“Olivia Williams steals the show,” was the headline for Dominic Cavendish’s review of WASTE at the National Theatre’s Lyttelton stage in late 2015.
Writer Harley Granville Barker’s 1907 version of his play was banned by the Lord Chamberlain, but was rewritten twenty years later and finally staged in public at the Westminster Theatre in 1936. The story is a combination of the three big themes, sex, politics and religion. Ambitious and independent politician Henry Trebell plans to introduce legislation to disestablish the Church of England and distribute its huge wealth to education. But, after election victory and success almost assured he suffers a fall from grace, impregnating the wife of a former Irish Republican, Amy O’Connell, who dies after a botched abortion. Roger Michell’s revival used the 1927 version, featuring Charles Edwards as Henry Trebell and Olivia Williams as Amy O’Connell.
“The night’s laurels belong, in the end, to Williams’s cloche-hatted anti-heroine whose tearful, vituperative, revulsion-filled showdown with Trebell has you on the edge of your seat,” concluded Dominic’s review.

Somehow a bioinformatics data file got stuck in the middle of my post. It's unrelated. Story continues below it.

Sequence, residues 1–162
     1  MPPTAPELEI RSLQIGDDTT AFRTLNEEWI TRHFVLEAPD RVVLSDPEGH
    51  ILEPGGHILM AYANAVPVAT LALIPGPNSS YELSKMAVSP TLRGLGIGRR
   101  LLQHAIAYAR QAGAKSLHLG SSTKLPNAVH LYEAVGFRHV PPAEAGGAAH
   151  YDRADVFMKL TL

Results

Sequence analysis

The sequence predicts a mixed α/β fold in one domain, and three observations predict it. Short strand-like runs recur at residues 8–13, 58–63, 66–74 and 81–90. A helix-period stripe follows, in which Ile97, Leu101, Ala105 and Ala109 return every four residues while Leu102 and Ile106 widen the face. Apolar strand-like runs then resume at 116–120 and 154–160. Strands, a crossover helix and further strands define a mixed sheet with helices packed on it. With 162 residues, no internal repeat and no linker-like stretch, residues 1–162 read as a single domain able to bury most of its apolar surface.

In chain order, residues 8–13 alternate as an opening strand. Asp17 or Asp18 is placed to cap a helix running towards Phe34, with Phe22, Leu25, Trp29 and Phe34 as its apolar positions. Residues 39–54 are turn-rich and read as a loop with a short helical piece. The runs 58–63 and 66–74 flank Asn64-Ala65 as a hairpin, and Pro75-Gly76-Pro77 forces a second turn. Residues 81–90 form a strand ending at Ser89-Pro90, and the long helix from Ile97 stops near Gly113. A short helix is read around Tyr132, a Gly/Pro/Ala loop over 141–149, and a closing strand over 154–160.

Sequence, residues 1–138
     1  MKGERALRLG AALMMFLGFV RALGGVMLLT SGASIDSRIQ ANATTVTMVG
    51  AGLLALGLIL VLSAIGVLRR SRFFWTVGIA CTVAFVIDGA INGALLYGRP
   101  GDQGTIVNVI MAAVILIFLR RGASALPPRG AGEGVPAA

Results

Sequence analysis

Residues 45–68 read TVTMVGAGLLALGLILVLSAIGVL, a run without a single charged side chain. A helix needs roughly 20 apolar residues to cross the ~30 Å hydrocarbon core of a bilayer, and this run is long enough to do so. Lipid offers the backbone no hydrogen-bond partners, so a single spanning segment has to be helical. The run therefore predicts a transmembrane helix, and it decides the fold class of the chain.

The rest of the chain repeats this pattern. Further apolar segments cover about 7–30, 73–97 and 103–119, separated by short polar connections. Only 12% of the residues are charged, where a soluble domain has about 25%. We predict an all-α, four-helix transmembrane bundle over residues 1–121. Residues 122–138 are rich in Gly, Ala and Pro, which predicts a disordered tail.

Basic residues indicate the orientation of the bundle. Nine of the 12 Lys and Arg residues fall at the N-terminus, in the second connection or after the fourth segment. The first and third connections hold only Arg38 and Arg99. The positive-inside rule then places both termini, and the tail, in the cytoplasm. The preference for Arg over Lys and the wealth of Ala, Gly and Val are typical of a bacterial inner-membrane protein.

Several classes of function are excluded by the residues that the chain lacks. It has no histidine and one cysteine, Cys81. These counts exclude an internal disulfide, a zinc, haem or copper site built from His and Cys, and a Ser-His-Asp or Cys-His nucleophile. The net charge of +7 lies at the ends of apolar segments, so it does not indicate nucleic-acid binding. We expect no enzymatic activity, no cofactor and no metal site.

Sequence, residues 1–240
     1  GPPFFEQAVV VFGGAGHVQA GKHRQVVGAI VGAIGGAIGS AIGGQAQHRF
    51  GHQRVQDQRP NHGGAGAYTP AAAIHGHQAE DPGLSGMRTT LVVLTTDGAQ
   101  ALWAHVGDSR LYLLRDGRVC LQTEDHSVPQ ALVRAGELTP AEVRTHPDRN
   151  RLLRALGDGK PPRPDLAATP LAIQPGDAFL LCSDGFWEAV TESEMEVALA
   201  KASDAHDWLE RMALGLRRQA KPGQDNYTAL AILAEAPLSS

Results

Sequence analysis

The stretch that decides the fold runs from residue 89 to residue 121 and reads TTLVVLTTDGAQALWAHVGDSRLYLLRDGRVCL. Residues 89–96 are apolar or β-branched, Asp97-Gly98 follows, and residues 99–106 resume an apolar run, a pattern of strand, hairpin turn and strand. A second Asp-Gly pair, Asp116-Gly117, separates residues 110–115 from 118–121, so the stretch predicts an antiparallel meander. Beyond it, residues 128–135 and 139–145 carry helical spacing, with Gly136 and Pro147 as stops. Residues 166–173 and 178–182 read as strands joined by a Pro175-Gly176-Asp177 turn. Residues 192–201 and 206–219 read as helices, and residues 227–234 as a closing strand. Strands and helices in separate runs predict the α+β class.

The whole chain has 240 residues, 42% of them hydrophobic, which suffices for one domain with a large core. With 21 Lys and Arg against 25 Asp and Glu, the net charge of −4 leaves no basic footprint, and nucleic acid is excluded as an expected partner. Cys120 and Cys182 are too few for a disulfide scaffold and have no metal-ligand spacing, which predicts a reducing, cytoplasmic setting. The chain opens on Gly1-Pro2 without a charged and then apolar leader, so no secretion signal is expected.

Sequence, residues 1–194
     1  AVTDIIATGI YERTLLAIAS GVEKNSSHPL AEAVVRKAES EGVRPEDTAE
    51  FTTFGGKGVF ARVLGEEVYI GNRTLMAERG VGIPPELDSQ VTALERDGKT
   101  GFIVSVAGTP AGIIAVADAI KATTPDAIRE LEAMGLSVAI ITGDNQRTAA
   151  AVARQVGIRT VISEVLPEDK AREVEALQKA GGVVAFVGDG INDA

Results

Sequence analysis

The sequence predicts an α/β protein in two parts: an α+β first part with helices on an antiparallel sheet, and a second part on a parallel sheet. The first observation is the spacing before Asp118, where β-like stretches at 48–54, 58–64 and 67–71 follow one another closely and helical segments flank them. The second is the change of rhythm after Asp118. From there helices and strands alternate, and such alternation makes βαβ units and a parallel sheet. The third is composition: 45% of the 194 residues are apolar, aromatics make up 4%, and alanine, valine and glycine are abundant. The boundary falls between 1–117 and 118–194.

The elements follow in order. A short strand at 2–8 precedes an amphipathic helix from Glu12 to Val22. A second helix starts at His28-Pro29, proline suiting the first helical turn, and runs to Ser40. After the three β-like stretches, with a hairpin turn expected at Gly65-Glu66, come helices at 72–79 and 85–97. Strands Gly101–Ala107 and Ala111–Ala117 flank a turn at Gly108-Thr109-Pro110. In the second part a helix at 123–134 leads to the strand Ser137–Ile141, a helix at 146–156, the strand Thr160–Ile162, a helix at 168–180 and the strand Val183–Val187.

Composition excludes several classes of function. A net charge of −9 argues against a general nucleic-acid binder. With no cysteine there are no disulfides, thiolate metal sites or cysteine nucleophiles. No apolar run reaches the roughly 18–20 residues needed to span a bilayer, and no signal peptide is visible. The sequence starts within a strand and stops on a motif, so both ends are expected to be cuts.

After graduating with an English Lit degree from Cambridge University, Olivia studied drama at the Bristol Old Vic, followed by three years with the Royal Shakespeare Company. She made her film debut in 1997 alongside Kevin Costner in THE POSTMAN and has since appeared in such notable productions as THE SIXTH SENCE and AN EDUCTION, receiving critical acclaim and awards recognition in 2010 for her performance in Roman Polanski’s THE GHOST WRITER.
She is currently filming Florian Zeller’s movie version of his hit play THE FATHER with Anthony Hopkins and Olivia Colman, which is also being directed by the French playwright.
Olivia returned to the Lyttelton stage this spring to play Orgon’s wife Elmire in Moliere’s TARTUFFE, where she signed my sketch.